Willem loves his children but finds them exhausting. Then, one day, he challenges them to find games that require him to lie on the sofa. They have the best day ever! This witty new book features an eclectic range of activities for kids and their dads - and all without the adult's boredom and exhaustion that often accompanies 'child's play'. Written from a personal perspective, Willem gives every activity a suggested age range and provides tips and golden rules along the way. The book includes games for at home, in the car, at the park, in the pool, at the forest - pretty much anywhere where parents and children spend time together. All games are fun for both and relaxing for dads, and none of them require money or preparation. After a long day at work, your children can either finish you off or get you to recover - depending on how you play it.
February 2012 Travel Book of the Month. Presents the 1,000 most astonishing destinations in the world and brings them to life in lively, evocative prose that reveals why the place is so wonderful. This title offers a greater variety of hotel and restaurant choices, including more budget-conscious options. Click here to read a Q & A with Patricia Schultz about this book.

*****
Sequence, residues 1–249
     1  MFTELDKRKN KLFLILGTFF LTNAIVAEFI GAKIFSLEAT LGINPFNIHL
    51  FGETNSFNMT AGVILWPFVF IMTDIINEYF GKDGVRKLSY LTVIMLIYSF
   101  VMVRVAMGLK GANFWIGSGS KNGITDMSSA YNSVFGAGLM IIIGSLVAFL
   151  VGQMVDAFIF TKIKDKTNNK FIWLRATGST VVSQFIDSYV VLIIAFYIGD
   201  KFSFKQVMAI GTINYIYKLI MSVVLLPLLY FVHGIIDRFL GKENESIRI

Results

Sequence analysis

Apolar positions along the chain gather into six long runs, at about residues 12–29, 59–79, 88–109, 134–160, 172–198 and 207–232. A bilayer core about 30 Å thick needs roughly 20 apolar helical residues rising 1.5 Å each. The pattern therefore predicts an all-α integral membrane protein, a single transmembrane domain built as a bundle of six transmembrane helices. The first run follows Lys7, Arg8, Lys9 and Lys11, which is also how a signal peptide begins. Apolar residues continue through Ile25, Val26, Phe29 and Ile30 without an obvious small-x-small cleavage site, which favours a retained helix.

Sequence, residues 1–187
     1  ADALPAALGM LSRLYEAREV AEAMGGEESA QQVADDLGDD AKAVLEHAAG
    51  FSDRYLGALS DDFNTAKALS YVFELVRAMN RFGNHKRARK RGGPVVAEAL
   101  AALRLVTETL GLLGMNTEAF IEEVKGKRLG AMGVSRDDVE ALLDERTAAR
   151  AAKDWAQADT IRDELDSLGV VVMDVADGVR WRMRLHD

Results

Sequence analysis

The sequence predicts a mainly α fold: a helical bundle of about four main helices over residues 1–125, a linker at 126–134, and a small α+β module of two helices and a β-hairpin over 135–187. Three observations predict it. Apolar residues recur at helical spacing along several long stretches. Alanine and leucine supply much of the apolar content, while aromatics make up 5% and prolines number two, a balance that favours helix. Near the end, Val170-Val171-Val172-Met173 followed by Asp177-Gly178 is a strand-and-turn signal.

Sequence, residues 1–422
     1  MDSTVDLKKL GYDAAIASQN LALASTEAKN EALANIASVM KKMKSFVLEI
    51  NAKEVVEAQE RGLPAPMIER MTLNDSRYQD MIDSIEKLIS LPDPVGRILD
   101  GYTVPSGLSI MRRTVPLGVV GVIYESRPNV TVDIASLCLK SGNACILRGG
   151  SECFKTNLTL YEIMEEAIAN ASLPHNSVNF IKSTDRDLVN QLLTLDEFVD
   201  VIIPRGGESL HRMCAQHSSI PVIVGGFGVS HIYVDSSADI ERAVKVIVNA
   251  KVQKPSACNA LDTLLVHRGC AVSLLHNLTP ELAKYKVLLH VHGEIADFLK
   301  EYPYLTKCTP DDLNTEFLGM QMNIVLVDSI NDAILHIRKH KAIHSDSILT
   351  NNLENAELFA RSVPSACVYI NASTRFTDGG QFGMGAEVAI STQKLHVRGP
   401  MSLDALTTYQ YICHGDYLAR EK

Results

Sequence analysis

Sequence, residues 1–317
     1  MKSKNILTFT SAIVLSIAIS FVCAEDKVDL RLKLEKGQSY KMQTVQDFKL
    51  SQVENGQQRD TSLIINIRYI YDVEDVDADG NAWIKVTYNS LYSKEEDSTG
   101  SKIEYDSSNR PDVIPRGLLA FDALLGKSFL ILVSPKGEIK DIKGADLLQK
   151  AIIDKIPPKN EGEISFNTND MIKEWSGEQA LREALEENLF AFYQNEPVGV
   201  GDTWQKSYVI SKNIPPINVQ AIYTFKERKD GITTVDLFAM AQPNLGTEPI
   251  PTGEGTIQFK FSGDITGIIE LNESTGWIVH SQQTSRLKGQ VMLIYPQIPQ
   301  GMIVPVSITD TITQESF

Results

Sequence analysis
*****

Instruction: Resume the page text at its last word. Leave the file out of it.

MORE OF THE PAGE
February 2011 Non-Fiction Book of the Month. Ten centuries' worth of French historical 'facts' bite the dust as Stephen Clarke looks at what has really been going on since 1066... It's a light-hearted but impeccably researched account of all our great fallings-out. With Clarke's trademark humour and lightness of touch that will be remembered with fondness from A Year in the Merde and Talk to the Snail, among others this is a brilliant take on the history of our near neighbour.
What would you do if someone bet you they could balance a coin on the edge of a banknote, walk through a postcard, or make you move your limbs through the power of suggestion? Would you take that bet? From Richard Wiseman, the creator of the 350-million-view YouTube phenomenon, Quirkology, comes a thrilling mix of lateral thinking, magic tricks and scintillating science stunts which is sure to appeal to curious minds everywhere.